February 10, 2021 at 2:47 pm

Moak Authors Chapter on Thurgood Marshall: The Legacy and Limits of Equality under the Law

Dr. Daniel Moak, standing outside with greenery

Dr. Daniel Moak

Dr. Daniel Moak authored a chapter on on Thurgood Marshall in a new edited volume from University of Chicago Press called African American Political Thought: A Collected History.

Moak is Assistant Professor of African American Studies and a member of the Center for Law, Justice & Culture at Ohio University. His chapter is titled “Thurgood Marshall: The Legacy and Limits of Equality under the Law.”

“My chapter focuses on Thurgood Marshall’s notion of equality and democracy throughout his career,” he says. “The historic nature of Thurgood Marshall’s legal victories and jurisprudence have often obscured a deeper exploration of his broader political vision. Although Marshall never authored an authoritative manuscript describing his political commitments, a close examination of his personal correspondences, legal strategies, popular publications, and judicial decisions reveals a commitment to a particular democratic vision that emphasized equality under the law and fair incorporation into the existing economic order as central to advancing black political interests.”

Although this vision was “radical” from the perspective of existing constitutional law at the time, Moak argues it also had important limitations. “For Marshall, the biggest problem facing black people was that they were not being allowed to participate equally in the existing society based off of the arbitrary characteristic of race. But there were other black political theorists who were arguing that the structure of existing society itself was unfair – and that it was a mistake to push for incorporation into a fundamentally unfair system. We can see the potential limits of Marshall’s approach when we look at the Brown v. Board and Brown II decisions. In the aftermath of the Brown v Board victory, southern states and school districts tried a number of tactics to delay implementation of the decision. One such tactic was to make the racist argument that because the average score of black students on standardized tests was lower than that of their white counterparts, integration threatened academic standards and should be delayed. Marshall and the NAACP sued these states in Brown II, seeking more immediate integration of schools.” Arguing before the Supreme Court, Marshall acknowledged that there might be some administrative problems that would arise, but he suggested his own resolution: ‘So what do we think is the solution? Simple. Put the dumb colored children in with the dumb white children, and put the smart colored children with the smart white children; that is no problem.’ This example reveals one of the key facets of Marshall egalitarian thinking; he had few qualms about supporting differential treatment if it was based on a factor that he considered nonarbitrary, like intellectual ability. What this meant is that Marshall, the champion of racial desegregation, believed that it was not inegalitarian to engage in educational segregation on the basis of ability.”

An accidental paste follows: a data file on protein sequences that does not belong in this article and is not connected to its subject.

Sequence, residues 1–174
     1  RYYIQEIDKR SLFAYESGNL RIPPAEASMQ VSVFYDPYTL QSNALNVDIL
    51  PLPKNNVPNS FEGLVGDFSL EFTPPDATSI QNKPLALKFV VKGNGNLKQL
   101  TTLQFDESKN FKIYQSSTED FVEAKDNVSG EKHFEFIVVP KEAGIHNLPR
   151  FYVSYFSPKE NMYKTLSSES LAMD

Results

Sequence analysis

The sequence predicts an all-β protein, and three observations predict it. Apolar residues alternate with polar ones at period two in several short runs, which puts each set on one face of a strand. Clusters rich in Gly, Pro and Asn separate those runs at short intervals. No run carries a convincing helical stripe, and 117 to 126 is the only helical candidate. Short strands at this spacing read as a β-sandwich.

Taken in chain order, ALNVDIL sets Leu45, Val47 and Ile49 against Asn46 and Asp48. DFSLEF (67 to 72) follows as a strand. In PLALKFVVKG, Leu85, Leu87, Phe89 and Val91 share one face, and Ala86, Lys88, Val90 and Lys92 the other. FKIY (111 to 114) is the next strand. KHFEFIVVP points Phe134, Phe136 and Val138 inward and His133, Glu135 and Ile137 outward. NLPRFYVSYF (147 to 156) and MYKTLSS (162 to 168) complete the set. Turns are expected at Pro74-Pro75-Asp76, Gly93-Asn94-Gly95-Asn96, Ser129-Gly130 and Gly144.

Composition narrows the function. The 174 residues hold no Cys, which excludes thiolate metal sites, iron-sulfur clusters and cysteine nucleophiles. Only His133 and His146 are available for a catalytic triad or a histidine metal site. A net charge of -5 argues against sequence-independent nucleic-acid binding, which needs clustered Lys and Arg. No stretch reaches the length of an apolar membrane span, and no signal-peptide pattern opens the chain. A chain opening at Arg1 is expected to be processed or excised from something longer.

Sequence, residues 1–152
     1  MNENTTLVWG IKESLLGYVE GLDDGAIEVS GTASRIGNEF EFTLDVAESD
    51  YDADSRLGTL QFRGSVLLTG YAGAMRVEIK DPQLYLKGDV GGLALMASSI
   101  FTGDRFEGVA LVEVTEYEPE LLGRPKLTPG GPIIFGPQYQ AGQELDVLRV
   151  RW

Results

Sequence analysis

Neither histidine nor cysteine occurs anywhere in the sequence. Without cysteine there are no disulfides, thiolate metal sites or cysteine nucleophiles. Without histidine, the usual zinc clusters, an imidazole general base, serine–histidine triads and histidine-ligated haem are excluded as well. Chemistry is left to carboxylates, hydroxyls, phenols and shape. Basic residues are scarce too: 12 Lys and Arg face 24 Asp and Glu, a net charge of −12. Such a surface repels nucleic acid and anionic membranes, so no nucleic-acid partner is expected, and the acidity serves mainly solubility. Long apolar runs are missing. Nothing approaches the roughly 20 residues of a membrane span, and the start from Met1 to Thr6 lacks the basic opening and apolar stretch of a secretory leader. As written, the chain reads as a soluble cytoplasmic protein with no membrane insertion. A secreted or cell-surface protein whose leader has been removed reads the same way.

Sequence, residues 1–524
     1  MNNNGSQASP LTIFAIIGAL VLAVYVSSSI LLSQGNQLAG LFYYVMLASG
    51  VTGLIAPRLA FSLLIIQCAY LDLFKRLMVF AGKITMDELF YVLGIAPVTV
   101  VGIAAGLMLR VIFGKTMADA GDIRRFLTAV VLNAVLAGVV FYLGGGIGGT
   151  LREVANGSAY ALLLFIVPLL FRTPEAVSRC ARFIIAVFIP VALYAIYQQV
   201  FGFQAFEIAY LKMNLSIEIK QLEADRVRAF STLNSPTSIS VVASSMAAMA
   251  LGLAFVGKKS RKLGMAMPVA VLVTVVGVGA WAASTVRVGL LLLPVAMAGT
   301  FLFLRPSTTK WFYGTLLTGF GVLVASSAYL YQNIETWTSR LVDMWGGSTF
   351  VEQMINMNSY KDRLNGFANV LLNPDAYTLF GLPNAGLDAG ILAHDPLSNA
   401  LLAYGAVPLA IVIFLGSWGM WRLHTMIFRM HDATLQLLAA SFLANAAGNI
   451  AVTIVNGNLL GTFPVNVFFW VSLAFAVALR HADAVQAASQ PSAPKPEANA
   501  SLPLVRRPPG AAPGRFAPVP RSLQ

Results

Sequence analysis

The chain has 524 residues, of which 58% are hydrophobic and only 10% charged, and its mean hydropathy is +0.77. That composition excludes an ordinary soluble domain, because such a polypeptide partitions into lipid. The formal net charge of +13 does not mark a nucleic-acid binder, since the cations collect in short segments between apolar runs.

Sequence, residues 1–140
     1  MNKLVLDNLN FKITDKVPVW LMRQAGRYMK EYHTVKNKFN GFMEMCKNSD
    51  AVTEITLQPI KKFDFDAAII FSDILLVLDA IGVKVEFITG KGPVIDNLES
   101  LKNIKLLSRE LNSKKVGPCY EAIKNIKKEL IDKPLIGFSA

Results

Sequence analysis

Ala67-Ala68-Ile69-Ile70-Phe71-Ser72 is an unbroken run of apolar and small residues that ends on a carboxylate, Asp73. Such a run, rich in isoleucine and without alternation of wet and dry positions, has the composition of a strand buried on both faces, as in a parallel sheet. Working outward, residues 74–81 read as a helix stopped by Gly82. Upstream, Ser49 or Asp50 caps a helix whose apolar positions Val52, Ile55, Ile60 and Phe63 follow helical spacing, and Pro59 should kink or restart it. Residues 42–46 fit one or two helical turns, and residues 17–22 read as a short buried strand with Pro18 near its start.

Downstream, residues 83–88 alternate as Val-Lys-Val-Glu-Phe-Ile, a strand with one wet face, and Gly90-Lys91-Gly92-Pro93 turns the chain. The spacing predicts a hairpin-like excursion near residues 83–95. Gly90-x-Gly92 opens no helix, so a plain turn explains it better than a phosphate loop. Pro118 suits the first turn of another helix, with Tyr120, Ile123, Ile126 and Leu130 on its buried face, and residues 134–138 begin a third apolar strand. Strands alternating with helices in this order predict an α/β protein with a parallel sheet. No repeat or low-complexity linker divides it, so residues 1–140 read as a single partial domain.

Marshall’s vision of democracy put him at odds with several of his contemporaries including Ralph Bunche, Oliver Cox, and Bayard Rustin. This group argued that mass-organizing and the transformation of the economic order were key to addressing the subordinate position of black people in the United States. These authors and activists argued that only a fundamental change in the economic and political system could lead to equality.

“In the chapter, I trace the contributions of Marshall to the debate over the requirements of equality, democracy, and black advancement within black political thought. Ultimately, I argue that Marshall’s pivotal role in helping to consolidate the Civil Rights Movement around his preferred vision led to sweeping advances in the political and legal rights of black Americans, but also helped sideline black voices pushing for a more economically egalitarian political program,” Moak says.

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